Should I Take An Unpaid Internship?


An information-based industrial revolution has been upon us for 20 years, and we Americans are highly poised to thrive in it. Working in a new economy is exciting, but the fluidity of modern employment can be confusing. Most of the job titles available to the 20-something college grad use words that didn’t exist when we were in middle school. As the demands of industry outpace the ability of schools to teach them, students must seek out industry-specific education, often for no pay.

The term "internship" originated in the medical field, but apprenticeships have existed for millennia. There is a movement afoot criticizing unpaid work, but the exchange of experience for free labor is a mutual benefit too symbiotic to be done away with. The explosion of specialization in our modern economy has meant that young workers often need extra-curricular training to be able to perform particular jobs. 

Internships also offer windows into particular industries for people who want to know more before committing to them. The key to assessing an internship is whether the training and insight it endows is commensurate with the labor it requires.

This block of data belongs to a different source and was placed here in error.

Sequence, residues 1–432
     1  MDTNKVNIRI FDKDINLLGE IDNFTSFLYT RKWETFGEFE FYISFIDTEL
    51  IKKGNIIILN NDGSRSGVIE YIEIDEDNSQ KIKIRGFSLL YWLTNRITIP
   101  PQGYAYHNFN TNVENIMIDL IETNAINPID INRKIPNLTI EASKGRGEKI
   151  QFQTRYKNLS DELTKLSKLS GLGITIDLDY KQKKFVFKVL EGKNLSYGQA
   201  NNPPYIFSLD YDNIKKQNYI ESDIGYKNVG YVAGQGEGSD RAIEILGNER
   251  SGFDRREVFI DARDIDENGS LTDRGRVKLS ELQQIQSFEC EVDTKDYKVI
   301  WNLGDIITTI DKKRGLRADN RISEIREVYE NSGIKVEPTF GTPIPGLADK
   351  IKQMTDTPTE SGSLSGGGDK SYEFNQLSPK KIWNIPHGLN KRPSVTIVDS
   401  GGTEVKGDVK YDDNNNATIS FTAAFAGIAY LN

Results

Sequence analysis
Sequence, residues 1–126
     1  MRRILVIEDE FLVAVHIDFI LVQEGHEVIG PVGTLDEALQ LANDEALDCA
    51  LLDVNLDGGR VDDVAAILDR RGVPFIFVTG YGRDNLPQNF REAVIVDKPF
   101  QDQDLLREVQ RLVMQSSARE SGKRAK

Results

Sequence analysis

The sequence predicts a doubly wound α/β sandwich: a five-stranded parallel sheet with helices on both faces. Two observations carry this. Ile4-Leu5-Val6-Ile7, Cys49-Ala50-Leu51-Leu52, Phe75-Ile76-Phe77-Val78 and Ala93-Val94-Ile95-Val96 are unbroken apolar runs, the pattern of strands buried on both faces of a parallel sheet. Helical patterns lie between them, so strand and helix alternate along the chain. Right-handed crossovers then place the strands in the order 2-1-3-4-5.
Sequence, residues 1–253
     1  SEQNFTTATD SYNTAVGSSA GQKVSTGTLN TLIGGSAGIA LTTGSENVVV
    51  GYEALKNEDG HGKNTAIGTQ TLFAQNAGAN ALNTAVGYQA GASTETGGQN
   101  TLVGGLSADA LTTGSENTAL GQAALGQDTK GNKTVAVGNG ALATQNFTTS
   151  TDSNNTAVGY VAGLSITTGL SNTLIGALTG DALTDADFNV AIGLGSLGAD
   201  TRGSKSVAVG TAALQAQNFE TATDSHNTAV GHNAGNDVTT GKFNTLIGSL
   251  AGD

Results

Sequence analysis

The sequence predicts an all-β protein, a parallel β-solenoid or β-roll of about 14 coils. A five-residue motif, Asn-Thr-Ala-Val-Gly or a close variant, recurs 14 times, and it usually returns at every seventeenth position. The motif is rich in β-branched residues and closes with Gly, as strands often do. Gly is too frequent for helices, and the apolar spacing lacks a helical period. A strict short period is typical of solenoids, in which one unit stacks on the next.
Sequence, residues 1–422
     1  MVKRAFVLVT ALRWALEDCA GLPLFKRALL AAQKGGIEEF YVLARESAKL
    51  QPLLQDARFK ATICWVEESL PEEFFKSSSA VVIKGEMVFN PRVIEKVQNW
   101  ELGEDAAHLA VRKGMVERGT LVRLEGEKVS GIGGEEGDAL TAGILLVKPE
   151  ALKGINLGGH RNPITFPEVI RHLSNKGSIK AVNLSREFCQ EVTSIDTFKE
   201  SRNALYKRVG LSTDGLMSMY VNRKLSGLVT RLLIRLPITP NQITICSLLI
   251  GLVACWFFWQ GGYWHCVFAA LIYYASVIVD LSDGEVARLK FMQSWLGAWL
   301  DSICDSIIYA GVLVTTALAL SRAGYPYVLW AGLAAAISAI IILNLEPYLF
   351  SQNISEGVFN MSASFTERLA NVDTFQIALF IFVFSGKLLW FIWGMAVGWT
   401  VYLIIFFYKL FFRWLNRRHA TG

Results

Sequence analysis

First you need to decide if you can afford to make no money. Expending your productive hours without an income is difficult, especially while living in the cities in which most internships are located. If it’s not on the table financially, you may need to find another way to perform free work in the area or commit to it with a sufficiently salaried job. If you have savings or family support, congratulations! You get to work for free.

To all college students: take the internship. It’s probably at some stupid entertainment or fashion company, so get it out of your system and pad that CV. Out of school, the decision gets tricky. Can your present resources afford to write a check to your résumé ?

Assume that the company where you’re interning is not going to hire you unless they explicitly dangle it in front of your fresh, naïve face. Recognize the pros and cons. A small company, for example, may have a harder time hiring new people, but it will be easier for you to make yourself valuable than in a large McRésumé program. Avoid places where the interns have advanced degrees; almost certainly, you will find an easier climb up a different ladder while getting paid.

The real question is whether you know the industry well enough to commit a few years to it. Remember the not-so-long-ago days when Christmas seemed like a distant possibility on Halloween? Well, now you plan casual social events a month ahead of time, because you’re old. Use an even longer timeline for assessing the usefulness of the uncompensated drudgery that awaits. If you’re dipping your toes, you may want to do so as a hobby. If you know where you need to be, then get off the internet and do it!